• Sales reporting: Running reports is a must-have feature, as they give a quick look into how much you’re selling and earning, and allow you to make better business decisions.

Most POS systems let you view your sales and run reports. However, it’s important to note that systems differ in the kind of data that can be accessed and the level of detail that you get. Ideally, your POS system can generate detailed sales reports (based on total cost of items sold, net profit and more) and provide snapshots and charts on how your business is doing. You should also be able to automatically transfer these reports into other accounting software.

  • Customer management & marketing: A POS should have a customer relationship management (CRM) tool to track all your customer data. It should let you keep track of customers’ purchase history, capture customer information such as name, age, birthday, phone number and email address, and use email marketing to reach customers. Tracking customer purchases can help you design personalized marketing strategies. More advanced systems can even create built-in loyalty programs. Wix has native CRM solution, integrates with Wix POS seamlessly to collect email addresses at checkout or to offer loyalty points for in-store purchases (as well as online ones) with the right Wix App Market integration.

  • Employee reporting & management: Team management software lets you know when your employees are working and how they’re performing. Your POS system should enable you to add employees, create and modify schedules, track weekly/overtime hours and analyze performance. This information can help you set sales targets and inform your employee coaching. Your team can also use the POS system to clock in and out, and some types of software can grant permissions so employees can get access to certain tasks.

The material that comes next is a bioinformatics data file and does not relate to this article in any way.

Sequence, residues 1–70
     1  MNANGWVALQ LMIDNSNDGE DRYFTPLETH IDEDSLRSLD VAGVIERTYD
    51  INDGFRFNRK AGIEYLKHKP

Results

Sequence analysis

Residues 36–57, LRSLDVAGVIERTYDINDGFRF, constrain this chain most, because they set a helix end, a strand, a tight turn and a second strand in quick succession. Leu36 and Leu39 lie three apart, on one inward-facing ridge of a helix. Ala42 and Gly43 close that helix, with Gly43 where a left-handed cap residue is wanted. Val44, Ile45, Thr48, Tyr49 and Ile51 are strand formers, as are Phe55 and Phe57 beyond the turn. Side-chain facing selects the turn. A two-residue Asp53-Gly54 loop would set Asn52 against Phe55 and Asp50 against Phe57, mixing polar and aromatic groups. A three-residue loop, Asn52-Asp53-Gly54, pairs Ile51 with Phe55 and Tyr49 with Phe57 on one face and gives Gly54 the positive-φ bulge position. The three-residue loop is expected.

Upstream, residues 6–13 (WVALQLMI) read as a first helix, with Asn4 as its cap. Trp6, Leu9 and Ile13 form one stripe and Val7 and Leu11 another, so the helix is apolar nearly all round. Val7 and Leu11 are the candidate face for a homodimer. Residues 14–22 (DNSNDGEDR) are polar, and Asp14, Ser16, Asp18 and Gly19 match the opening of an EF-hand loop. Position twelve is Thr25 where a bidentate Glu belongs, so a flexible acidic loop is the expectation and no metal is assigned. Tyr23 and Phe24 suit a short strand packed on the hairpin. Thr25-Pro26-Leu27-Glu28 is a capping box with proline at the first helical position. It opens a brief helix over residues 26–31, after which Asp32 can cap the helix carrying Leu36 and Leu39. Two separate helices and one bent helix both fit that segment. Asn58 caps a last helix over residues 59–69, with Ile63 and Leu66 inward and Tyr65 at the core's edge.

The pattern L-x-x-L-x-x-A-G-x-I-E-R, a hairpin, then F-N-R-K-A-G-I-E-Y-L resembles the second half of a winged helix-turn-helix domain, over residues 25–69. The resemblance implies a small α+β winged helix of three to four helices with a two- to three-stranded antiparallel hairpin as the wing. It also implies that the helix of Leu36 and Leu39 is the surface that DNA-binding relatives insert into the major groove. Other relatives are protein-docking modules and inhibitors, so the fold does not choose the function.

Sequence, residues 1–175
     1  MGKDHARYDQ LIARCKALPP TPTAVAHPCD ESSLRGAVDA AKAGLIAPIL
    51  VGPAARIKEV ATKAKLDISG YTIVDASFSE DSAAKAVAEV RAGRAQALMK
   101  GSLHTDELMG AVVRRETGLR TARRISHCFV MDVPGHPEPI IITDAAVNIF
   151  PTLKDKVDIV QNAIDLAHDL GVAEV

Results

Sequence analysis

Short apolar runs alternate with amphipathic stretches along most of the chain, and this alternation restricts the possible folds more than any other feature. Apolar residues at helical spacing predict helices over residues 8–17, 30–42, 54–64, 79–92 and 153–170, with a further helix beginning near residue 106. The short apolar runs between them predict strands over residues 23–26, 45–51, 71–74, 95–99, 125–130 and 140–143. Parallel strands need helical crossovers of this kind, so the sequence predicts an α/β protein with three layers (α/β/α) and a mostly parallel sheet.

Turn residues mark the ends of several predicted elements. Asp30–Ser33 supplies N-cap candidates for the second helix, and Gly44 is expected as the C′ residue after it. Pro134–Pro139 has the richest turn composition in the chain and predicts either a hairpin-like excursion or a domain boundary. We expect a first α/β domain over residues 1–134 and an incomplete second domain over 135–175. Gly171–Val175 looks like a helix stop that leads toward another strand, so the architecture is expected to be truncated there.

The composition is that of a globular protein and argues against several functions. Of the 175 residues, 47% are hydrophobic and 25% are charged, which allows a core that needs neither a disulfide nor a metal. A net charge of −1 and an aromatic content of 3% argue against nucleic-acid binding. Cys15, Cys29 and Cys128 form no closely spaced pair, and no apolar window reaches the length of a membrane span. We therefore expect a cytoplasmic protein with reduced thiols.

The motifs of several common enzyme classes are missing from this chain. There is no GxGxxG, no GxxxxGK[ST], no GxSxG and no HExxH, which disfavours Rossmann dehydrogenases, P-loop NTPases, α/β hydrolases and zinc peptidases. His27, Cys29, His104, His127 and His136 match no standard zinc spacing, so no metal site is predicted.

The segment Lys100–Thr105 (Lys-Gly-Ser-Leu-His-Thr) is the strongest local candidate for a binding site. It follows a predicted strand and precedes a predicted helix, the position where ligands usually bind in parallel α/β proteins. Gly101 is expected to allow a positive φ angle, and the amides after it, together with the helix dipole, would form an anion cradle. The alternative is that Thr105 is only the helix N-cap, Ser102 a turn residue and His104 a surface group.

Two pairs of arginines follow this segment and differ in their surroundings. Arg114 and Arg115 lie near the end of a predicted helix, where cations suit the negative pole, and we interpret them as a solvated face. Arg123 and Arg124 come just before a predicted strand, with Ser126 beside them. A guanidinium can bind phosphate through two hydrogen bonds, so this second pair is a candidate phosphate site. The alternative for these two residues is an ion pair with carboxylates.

• Receipts & order history: Receipts make processing refunds easier, as they allow you to have a digital or paper trail connected to an order. However, POS systems go beyond printing or generating receipts. All purchased items are deducted from the inventory and recorded in sales reports. Any discounts or markdowns should show up on reports and your customer management system. This data helps you build more effective business strategies in the future.

  • Cloud & mobile: A cloud-based POS system stores information on the cloud. Cloud-based systems typically don’t record much information on your terminal device. Instead, all data is stored in the cloud and synchronized across multiple terminals. A main advantage of cloud software is that it eliminates the need for costly onsite servers and typically comes in the form of an app on mobile, iPad or Android tablet (see our guide on POS system costs for more info).

Which POS system is right for you?

In the past, a POS system in your brick-and-mortar store wasn’t necessarily unified with your eCommerce website. This made business operations like tracking inventory, understanding customer behavior, and managing store credits and returns more complex. Today, modern POS systems integrate your entire business, whether you sell online, in person or both. You can pick and choose the perfect combination of hardware and software that suits your business needs as well as considering the POS system cost. For example, if you have a retail business where you sell in a brick-and-mortar location and accept payments on your eCommerce site, you’ll want to select a retail POS system that integrates all your sales in one place. If you also sell occasionally at pop-ups and events, you can opt for a mobile POS system, which conveniently turns your mobile phone into your personal point of sale, allowing you to accept credit card payments on the go. If you have an eCommerce business on Wix and also sell in person, Wix POS lets you manage all your sales from one place. It offers a fully integrated hardware and software system, smooth checkout, fully synced inventory, and more. To get started with Wix POS and learn about the features available, visit Wix POS.

Geraldine Feehily

Sarit Steinfeld

Marketing Writer, Wix eCommerce

Sarit is a marketing writer at Wix eCommerce, with a passion for helping online businesses. She’s a Toronto native, an avid reader, blogger and foodie.

Wix eCommerce Expand your eCommerce reach
bottom of page